The functions and organ systems of our body are, to a significant extent, controlled by electrical signals that travel along the nerves. Bioelectronic medicines will aim to control biological processes and treat disease by modulating these electrical impulses.

They will be micro-scale devices that connect to groups of individual neurons or their nerve fibres and modulate the electrical signalling patterns, to restore the healthy status quo of specific organs and functions.

We believe bioelectronic medicines could allow us to address some diseases that have so far been untreatable, and others with greater precision and fewer side effects than with conventional molecular medicines.

Funding research into Bioelectronics

As a sign of our commitment to this new field of research, we are offering several incentives to activate and integrate the research community around the fundamental challenges of developing these new treatments.

For example, through our Exploratory funding programme, we are offering up to 20 new research grants for investigators to begin detailing how nerves in the body are related to particular diseases, to understand the firing patterns of those nerves, and to explore new technologies that will enable us to interface with these nerve fibres.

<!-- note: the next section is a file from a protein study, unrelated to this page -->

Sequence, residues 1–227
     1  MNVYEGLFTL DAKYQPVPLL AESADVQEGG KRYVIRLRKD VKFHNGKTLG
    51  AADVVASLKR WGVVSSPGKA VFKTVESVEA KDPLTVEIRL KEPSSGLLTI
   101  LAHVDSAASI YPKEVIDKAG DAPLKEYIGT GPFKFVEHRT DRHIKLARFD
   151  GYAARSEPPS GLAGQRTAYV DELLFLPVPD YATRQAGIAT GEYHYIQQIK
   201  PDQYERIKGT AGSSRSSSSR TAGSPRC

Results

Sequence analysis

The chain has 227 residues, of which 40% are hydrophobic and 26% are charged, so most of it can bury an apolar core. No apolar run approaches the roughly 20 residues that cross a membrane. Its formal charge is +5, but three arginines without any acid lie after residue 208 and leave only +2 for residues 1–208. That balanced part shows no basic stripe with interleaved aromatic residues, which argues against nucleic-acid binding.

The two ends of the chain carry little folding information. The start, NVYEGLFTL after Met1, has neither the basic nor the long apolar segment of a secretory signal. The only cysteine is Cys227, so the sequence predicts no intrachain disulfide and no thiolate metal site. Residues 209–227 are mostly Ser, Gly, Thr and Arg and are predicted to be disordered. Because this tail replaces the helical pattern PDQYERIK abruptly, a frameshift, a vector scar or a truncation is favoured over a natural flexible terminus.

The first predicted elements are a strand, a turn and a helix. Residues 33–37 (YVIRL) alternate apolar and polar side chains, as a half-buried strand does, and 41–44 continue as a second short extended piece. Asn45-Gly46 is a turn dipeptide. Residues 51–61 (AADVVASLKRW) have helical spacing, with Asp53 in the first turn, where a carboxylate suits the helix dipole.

Through our US$50 million venture capital arm, Action Potential Venture Capital, we are investing in start-ups and technology platofrms that aim to advance the development of bioelectronic medicines.

We have also launched an exciting opportunity for external investigators to contribute to the development of a miniaturized, implantable, wireless, visceral nerve research platform. The first team to demonstrate full functionality of their device according to specified criteria will be awarded a US$1 million prize.

You can find out more about the Bioelectronics R&D we are already doing in this commentary article (PDF) published in the scientific journal Nature.